Up In The Air
Directed by: Jason Reitman
Starring: George Clooney, Vera Farmiga, Anna Kendrick, Jason Bateman
Rated: R for language and some sexual content.
Directed by: James Cameron
Starring: Sam Worthington, Zoe Saldana, Sigourney Weaver, Stephen Lang, Michelle Rodriguez, Wes Studi, Giovanni Ribisi
Rated: PG-13 for intense epic battle sequences and warfare, sensuality, language and some smoking.
It’s Oscar season, and that means it’s time for Oscar-bait movies. Both “Up in the Air” and “Avatar” clearly are, though they are considerably different and if the Academy follows precedent, James Cameron’s stunningly unoriginal but very long and dramatic film will clean up while Jason Reitman’s small tragicomedy will pick up a couple nominations. (It is possible I am still bitter about the Oscars awarded the year “Titanic” came out.)
“Avatar” is yet another “all the noble savages need to save themselves is the leadership of a white man” film. Call it “Dances With Wolves in space.” The story is straightforward: a young marine (Sam Worthington), crippled in combat, takes an assignment on a planet where his primary duty is to interact with the natives and find a way to persuade them to move their village off a rich deposit of a valuable mineral. To do this, he inhabits a body grown from human and alien DNA, an avatar. He learns the aliens’ ways, comes to sympathize with them, and leads them in battle to fight off the Earth forces.
The only truly innovative thing about “Avatar” is the visuals, which are astonishing. Cameron and his team developed new methods of motion capture, and the aliens and their world are beautiful and meticulously detailed. Admittedly, the evolutionary science of the planet where the film takes place is highly improbable, but we don’t go to a film like this looking for realism.
What makes “Avatar” particularly impressive is Cameron’s ability to manipulate his audience to perfection. Even if you know what he’s doing, the entire film is so pitch-perfect that it’s hard not to get swept up in it. Sure the writing is a bit wooden and predictable, and the acting is limited because of how much of the film is entirely CGI — but Cameron knows when to pluck our heartstrings and just how hard he can do it without it getting silly. The end result is a stunningly gorgeous film which will sweep you up into its current even as you sit there identifying the sources of the various familiar tropes he uses.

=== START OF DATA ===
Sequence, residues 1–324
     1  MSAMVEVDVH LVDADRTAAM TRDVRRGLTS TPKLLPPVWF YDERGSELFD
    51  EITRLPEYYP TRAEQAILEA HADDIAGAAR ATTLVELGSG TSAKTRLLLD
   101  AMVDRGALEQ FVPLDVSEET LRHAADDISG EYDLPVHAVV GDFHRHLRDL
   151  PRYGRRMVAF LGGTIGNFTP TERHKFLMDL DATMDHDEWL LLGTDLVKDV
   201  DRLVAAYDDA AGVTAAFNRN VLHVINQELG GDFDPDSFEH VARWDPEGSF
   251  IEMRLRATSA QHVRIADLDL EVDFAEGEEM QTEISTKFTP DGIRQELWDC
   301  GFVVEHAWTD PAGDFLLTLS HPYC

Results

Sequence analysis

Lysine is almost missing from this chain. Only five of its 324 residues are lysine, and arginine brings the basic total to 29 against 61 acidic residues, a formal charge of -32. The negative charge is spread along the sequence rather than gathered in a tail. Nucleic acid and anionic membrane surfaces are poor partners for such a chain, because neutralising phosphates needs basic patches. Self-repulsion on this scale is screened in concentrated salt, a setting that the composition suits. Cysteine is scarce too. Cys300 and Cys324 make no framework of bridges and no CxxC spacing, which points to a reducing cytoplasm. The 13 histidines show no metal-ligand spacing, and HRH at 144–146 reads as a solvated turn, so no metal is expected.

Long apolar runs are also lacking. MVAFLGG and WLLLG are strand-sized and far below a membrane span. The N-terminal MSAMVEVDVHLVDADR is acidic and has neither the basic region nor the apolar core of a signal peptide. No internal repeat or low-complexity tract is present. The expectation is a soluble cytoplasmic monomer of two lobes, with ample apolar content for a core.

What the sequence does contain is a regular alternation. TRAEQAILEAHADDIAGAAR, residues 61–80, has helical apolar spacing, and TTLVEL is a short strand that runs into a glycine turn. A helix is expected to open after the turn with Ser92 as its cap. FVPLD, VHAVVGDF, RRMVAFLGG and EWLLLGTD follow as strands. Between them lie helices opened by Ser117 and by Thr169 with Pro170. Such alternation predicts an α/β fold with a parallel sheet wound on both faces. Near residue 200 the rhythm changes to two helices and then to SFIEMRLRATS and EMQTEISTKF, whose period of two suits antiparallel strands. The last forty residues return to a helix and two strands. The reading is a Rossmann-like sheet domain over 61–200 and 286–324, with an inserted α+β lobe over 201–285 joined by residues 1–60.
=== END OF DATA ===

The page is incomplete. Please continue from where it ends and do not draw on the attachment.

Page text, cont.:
“Up in the Air,” on the other hand, is utterly character-driven and the sort of film that eases you into its story, makes you care about its hero with some laughs and some sad things that make you nod in recognition, and then carefully and meticulously destroys that hero’s life.
George Clooney is perfectly cast as Ryan Bingham, whose job entails flying around the country and standing in for execs too afraid to lay off their employees in person. He has the self-assured charm Clooney is known for, but that’s just about all he has. In his off hours, he gives lectures about the benefits of a completely connection-, possession-, and attachment-free lifestyle. He lives almost entirely on the road, has no close relationships, and likes it that way.
Things change when he meets two women: fellow frequent flyer Alex (Vera Farmiga) and new coworker Natalie (Anna Kendrick). Alex is the perfect woman for Ryan, and their relationship consists mostly of meeting up in hotels when they have layovers in the same cities. Natalie is a fresh-faced college grad out to innovate the “termination facilitation” field and essentially put guys like Ryan out of a job. Ryan’s boss orders him to take Natalie on the road and show her the ropes of their business, which shows them to the audience as well. Meanwhile, Ryan finds himself possibly wanting more than just a casual relationship with Alex.
Reitman handles his subject matter with a deft touch. It takes a special ability to make a movie about someone who fires people for a living in the current economic climate, but it works here. That’s no real surprise — Reitman’s breakout film was the pitch-perfect, pitch-black comedy “Thank You For Smoking.” “Up In The Air” has too much pathos to be a black comedy, but too many laughs to be a tragedy. It’s a film about one man’s perfectly-arranged life coming unraveled, and what we can learn from him.
I usually avoid the Academy Awards like the plague, but I’m morbidly curious to see how things turn out for “Avatar” and “Up In The Air.” Both are being lauded as Oscar-worthy, and they are — but for utterly different reasons. “Avatar” is tasty grape juice; “Up In The Air” is great wine.